But the NHL and the Minnesota Twins, the Major League Baseball team that operates Target Field, are prepared to help keep the fans, workers and teams as comfortable as possible.
There will be 40,000 hand-warmers, plus places to warm up and soup at concession stands. The penalty boxes will be hot seats in more ways than one. Even the ice will be heated.
Yes, the ice. This is an NHL regular-season game, and the conditions must be the best they can be.
“Minnesotans know what to do,” said Matt Hoy, Twins senior vice president of operations. “They just need to follow common sense and make sure that they prepare for the cold, and everybody will be fine.”
The NHL has staged 32 outdoor games, with temperatures ranging from 0 to 65 at face-off. The coldest was the 2003 Heritage Classic, the first outdoor game, between the Edmonton Oilers and Montreal Canadiens before 57,167 at Commonwealth Stadium in Edmonton.
When the NHL scheduled this Winter Classic, it knew Minneapolis could be frigid. It was minus 6 at kickoff when the Minnesota Vikings hosted the Seattle Seahawks in an NFL wild card game before 52,090 at TCF Bank Stadium on Jan. 10, 2016, the coldest game in Vikings history and third-coldest in NFL history.
“We had a lot of people here in Minnesota who told us also how tough a Minnesota fan is, and that was certainly a factor in coming here,” NHL chief content officer Steve Mayer said.
The NHL ordered the hand-warmers months ago. NHL executive vice president of events Dean Matsuzaki said the League is still discussing distribution plans, but if fans need some, they can request them from guest services. Blankets will be allowed.
Target Field already has radiant heat in many areas on all levels, but the Twins have added radiant heat in the concessions stands for the workers. The bars will be open to the public, and stairwells and elevator lobbies will be open and heated as refuges for fans.
“Ask any guest services person, and they can direct you to a place to warm up,” Hoy said. “We’re all used to it, but it doesn’t mean that people should not take caution.”
Delaware North, which operates food, beverage and retail at Target Field, will offer special concessions including chili, ramen, soups and Tater Tot Hot Dish, a Minnesota delicacy of ground beef, cream of mushroom soup, winter vegetables and crispy Tater Tots.
“We know Minnesotans can handle anything Mother Nature throws at them, but we wanted to offer additional comfort through our food and beverage program,” said Kurt Chenier, executive chef for Delaware North at Target Field.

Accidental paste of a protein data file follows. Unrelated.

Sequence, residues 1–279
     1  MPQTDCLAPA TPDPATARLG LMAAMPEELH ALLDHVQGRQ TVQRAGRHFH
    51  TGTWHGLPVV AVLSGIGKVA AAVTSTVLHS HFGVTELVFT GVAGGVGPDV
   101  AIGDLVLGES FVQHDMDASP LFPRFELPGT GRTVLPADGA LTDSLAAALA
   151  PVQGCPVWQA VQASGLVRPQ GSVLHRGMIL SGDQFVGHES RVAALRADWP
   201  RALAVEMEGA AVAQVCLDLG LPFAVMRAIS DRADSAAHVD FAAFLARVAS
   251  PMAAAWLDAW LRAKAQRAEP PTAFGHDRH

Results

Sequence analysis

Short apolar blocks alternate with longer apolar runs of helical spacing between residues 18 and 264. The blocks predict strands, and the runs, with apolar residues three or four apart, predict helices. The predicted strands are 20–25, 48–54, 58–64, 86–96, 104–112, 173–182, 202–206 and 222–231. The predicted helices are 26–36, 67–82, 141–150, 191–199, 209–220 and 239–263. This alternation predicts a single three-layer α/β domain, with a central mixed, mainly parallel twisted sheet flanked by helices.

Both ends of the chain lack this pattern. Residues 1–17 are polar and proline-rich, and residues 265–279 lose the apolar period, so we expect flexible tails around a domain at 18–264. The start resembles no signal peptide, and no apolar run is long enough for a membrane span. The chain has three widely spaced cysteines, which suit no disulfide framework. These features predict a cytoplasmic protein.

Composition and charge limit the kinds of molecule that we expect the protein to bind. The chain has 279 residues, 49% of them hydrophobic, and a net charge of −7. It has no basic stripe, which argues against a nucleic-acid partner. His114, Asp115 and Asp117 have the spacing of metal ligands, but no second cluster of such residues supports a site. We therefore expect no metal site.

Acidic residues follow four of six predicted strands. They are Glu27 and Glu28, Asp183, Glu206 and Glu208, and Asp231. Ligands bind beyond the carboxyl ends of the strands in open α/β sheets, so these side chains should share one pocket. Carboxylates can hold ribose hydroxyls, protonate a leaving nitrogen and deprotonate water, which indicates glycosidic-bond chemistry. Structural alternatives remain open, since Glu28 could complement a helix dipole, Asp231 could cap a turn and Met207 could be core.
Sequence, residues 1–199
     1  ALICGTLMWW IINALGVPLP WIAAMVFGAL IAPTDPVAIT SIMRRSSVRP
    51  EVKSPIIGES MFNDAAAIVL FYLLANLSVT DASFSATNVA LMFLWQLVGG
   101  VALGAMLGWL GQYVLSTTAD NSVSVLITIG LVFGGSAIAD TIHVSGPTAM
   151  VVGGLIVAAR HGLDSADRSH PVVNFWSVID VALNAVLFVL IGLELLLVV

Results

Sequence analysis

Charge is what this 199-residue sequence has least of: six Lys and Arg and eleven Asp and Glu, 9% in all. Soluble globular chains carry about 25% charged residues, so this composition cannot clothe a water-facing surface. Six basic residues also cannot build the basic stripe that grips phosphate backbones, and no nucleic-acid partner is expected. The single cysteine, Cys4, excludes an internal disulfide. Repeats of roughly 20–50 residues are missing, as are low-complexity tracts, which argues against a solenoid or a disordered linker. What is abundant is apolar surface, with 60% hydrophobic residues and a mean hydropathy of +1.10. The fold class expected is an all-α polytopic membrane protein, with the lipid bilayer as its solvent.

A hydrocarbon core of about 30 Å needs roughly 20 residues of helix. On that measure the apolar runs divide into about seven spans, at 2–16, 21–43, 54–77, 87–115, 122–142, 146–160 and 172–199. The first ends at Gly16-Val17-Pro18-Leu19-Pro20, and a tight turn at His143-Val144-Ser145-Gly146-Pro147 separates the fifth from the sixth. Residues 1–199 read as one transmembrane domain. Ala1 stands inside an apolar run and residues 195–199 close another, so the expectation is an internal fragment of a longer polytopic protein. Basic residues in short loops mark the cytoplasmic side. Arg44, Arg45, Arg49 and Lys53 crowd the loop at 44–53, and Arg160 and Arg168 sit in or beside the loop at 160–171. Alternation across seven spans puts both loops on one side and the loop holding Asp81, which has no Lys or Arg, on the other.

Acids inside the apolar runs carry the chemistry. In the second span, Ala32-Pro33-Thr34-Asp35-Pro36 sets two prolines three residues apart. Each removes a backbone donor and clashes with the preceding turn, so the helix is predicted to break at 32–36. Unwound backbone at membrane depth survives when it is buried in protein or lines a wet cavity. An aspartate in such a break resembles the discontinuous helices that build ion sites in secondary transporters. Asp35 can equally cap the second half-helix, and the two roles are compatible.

Players will be provided with balaclavas and long underwear.
Heating the benches is standard operating procedure at outdoor games, but the NHL planned to test the equipment Wednesday, when the high was 7 and the low minus 9, to make sure it could handle the cold and decide if more is needed. The League has added more heat than usual to the penalty boxes.
“In the past, we’ve looked at it as, ‘Hey, it’s a penalty. You’re going to be cold for a little bit,'” Matsuzaki said with a laugh. “But now, with this cold, from a safety standpoint, we’re bringing in heat to the penalty benches as well.”
Then there is the ice itself. The optimum surface temperature for an NHL-caliber sheet is between 22 and 24 degrees.
“Once we get too cold, we can have some issues with it being brittle or skate marks where it does chip away, so we really try to control that temperature,” NHL senior manager of facilities operations Mike Craig said.
The floor of the rink is made of 283 aluminum ice pans. A mobile refrigeration unit pumps glycol through pipes to the pans and back to the truck to transfer heat. Craig has an app on his phone that gives him real-time data from eight sensors embedded in the ice and other sensors in the system.
When the air temperature is above the optimum ice temperature, the glycol and aluminum pans transfer heat away from the ice. But when the air temperature is below the optimum ice temperature, it transfers heat to the ice. The NHL has two inline heaters here, one at the refrigeration truck and another in the outfield, to warm the glycol in the pipes on the way to the floor. The crew can calibrate the temperature to a half-degree.
Really, for the most part, this is business as usual.
The optimum temperature for NHL game pucks is 15-17 degrees, to keep them from bouncing. In arenas, they are stored in freezers for at least 24 hours before games and transferred to freezers in penalty boxes.
Off-ice officials in the penalty boxes use stopwatches. If two minutes pass with the same puck, they swap it for a new one at the next stoppage to make sure the puck in play is at the right temperature.
Someone joked the NHL wouldn’t need a freezer for pucks here.
“I said, ‘You definitely need it, because if you just have them sitting out in the cold, you can’t control the temperature,'” said J.R. Boyle, NHL senior director of venue and facility operations. “Yes, it’s cold outside, but we can’t control it within our range. If we use the freezer, we’re still staying within our range and within our standards.”
That said, special paint on the pucks turns the NHL shield purple when frozen.
“I think because it’s so cold here,” Boyle said, “that might just stay purple the whole time.”